Category Archives: State Education Policy

Ten Lessons from Eight Cities

Over a year ago, I began an ambitious project to tell the stories of cities that implemented citywide school improvement strategies and saw student achievement increase — and to share these stories as lessons for other system leaders. The result was Eight Cities, a beautiful and information-rich website that does just that. It was a rare project that put my team in the fortunate position of listening to some of the brightest, most committed, and humble education professionals in the country. It’s difficult not to learn a lot under such circumstances.

Legacy Charter school building in Chicago with students and crossing guard outside

Legacy Charter School in Chicago. Photo credit: Alexander Drecun.

While each one of our eight stories provides a deep dive into different cities, there were a lot of macro lessons that emerged. Here are ten that I think are particularly salient for state leaders, mayors, superintendents, board members, charter leaders, and funders interested in exploring a similar approach:

1. Language matters. One of our first challenges was choosing a term that simultaneously described a complex citywide education reform strategy with many local nuances without creating a target for people who wanted to reduce it to a single word. What should we call these systems of public schools which shared central beliefs and strategic pillars and saw schools as the unit of change? These were widely referred to as “portfolio districts” until 2017, when the term was weaponized by opponents who took issue with the approach. The Texas Education Agency has adopted the term “Systems of Great Schools.” While I occasionally use “portfolio” as shorthand, I prefer the term “dynamic systems of schools” because it describes the core mechanism of systemic improvement: high-performing or high-potential schools replacing schools that have failed generations of students. But this phrase hasn’t caught on. After much discussion, the Eight Cities team decided to avoid labels and simply tell the stories we encountered. Whatever term is used, the reality is that language matters in rhetorical and political battles but rarely in the day-to-day work of students and parents.

2. There’s no one best way to implement a dynamic system of public schools. Washington D.C. and Newark have dual public education systems comprised of traditional district schools and charter schools, yet D.C. is under mayoral control and Newark was under state control but is now governed by an elected school board. Camden has 15,000 students and a neighborhood charter takeover model with relaxed accountability. New York City has 1.1 million students and moved quickly to give autonomy to all its schools and hold them accountable, while phasing out large failing high schools to make room for new small schools of choice. Denver Public Schools saw consistent leadership from an elected school board and single superintendent for a decade. Continue reading

New Report Reveals Messy Teacher Shortage Data

What types of subject-area teacher shortages do states experience? Are there major trends across states in chronic subject-area teacher shortages? How different are subject-area teacher shortages between states?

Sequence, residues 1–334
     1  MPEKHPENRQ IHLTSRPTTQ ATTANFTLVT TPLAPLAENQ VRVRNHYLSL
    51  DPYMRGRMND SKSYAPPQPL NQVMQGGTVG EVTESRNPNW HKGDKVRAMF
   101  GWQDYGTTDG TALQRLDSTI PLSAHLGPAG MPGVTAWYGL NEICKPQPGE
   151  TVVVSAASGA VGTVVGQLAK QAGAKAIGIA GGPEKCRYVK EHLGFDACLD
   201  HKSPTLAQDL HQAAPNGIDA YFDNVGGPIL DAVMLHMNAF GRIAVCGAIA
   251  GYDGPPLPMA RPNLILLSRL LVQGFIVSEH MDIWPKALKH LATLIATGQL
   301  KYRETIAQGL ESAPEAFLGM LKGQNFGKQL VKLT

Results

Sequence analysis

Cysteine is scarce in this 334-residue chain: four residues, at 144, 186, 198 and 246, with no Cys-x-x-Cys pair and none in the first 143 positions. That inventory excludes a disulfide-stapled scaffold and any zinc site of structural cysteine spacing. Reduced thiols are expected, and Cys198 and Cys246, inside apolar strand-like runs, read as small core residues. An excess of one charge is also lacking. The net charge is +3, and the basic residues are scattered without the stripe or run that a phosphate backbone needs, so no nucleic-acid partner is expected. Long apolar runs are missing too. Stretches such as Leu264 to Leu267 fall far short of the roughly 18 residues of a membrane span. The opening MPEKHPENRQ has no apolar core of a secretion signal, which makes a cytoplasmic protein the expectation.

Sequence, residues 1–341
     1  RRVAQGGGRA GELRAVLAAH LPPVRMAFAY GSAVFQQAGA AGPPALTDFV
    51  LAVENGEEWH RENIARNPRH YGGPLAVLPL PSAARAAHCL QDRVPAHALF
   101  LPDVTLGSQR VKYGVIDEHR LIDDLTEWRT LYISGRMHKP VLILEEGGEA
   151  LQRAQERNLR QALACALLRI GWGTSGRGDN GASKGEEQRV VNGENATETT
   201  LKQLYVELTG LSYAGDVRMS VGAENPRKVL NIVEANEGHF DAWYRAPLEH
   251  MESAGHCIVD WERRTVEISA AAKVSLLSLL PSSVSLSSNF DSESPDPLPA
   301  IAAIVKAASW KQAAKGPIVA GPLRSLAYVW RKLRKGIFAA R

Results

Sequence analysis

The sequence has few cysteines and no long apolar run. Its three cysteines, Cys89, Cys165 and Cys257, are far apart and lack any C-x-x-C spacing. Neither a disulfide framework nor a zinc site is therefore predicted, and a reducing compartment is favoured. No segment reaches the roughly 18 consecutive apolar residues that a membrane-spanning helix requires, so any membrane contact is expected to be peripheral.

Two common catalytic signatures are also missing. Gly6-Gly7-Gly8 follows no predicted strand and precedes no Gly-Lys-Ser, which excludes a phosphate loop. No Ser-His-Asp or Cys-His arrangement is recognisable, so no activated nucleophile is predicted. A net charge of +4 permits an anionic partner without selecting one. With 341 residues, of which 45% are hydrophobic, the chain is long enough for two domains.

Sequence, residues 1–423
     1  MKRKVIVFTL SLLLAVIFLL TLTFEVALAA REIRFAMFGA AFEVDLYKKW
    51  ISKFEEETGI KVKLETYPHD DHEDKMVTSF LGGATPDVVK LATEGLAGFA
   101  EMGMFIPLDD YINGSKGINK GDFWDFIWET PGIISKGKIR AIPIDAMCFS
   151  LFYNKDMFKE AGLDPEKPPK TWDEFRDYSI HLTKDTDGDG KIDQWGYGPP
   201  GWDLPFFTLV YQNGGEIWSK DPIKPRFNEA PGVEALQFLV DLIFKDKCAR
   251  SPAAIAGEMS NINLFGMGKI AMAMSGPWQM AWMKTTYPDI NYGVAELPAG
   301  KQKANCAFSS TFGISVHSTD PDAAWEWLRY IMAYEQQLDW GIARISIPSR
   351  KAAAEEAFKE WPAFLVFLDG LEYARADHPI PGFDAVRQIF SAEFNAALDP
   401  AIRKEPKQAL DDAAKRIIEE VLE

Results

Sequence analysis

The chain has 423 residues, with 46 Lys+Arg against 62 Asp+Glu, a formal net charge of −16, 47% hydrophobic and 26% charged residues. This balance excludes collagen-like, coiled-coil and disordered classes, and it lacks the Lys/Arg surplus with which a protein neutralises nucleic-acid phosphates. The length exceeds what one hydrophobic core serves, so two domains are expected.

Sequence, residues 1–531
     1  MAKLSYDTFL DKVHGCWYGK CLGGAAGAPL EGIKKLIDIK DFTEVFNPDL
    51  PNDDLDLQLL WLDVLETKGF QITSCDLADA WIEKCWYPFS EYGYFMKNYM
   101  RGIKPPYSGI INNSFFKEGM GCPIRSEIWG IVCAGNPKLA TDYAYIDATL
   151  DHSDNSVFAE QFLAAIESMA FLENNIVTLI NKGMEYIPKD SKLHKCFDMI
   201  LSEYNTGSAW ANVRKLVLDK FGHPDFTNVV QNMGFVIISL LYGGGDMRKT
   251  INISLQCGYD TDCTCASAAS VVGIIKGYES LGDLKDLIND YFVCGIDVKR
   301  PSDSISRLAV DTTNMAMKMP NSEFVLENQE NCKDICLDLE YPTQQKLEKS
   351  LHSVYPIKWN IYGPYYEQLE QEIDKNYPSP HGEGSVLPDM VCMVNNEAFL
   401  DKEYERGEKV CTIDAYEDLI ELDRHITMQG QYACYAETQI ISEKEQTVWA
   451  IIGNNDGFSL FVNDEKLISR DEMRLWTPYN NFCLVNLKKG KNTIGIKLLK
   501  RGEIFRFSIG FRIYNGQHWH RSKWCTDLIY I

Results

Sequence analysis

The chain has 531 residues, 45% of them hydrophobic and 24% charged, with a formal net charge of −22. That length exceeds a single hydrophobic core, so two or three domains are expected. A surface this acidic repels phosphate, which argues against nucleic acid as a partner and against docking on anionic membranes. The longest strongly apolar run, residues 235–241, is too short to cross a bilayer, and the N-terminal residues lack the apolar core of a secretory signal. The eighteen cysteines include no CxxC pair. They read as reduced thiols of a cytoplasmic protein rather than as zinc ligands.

These were some of the questions my colleague Justin Trinidad and I sought to answer in our new report “Nuance in the Noise: The Complex Reality of Teacher Shortages.” We dove into a national data set on teacher shortage areas submitted by states and territories to the U.S. Department of Education. This data set is one of the best sources we have to analyze trends in subject-area shortages across the country and for each particular state.

Given this fact, were were shocked by just how messy the data were. We quickly found that there is no standard reporting framework that states must use. This means each state defines their own subject areas as they see fit. For example, Colorado reports its science shortages under the multiple categories of “Science,” “Natural Science, “Natural Sciences (Grades 7-12),” and “Natural Sciences (Kindergarten-Grade 12),” while Georgia uses the categories of “Sciences,” “Sciences (K-Grade 6),” and “Sciences – Secondary.”

This lack of standardization meant we had to create our own methodology in order to analyze the data, and even then, cross-state comparisons were difficult! That was annoying and a ton of work, yes, but it also spoke to a larger trend we see in teacher supply and demand data: they are hard to understand and often tell an incomplete story. What states report to the feds is often not the same thing they list on their state education websites.

However, frustrations with data didn’t stop us from finding some interesting and important information in our analysis. In fact, what we found challenges a widely held belief: that there is a generic, national teacher shortage. It turns out that teacher shortage needs vary widely across states. States even have varying experiences with the more chronic shortage areas like mathematics.

As the below map shows, California reported mathematics shortages less than 20 percent of the time of our analysis, while four states — Louisiana, Maine, North Carolina, and Texas — reported mathematics shortages all 20 years of our analysis.

Continue reading

Media: “How Bad Are the Nation’s Teacher Shortages? With All the Conflicting and Unreliable Data Out There, We Don’t Really Know” in The 74

While discussions of a national teacher shortage crisis have taken place over decades, a generic shortage has yet to materialize. To get a clearer picture of trends in teacher subject-area shortages across the country, Kaitlin Pennington McVey and I analyzed national data on teacher shortage areas submitted by states and territories to the U.S. Department of Education.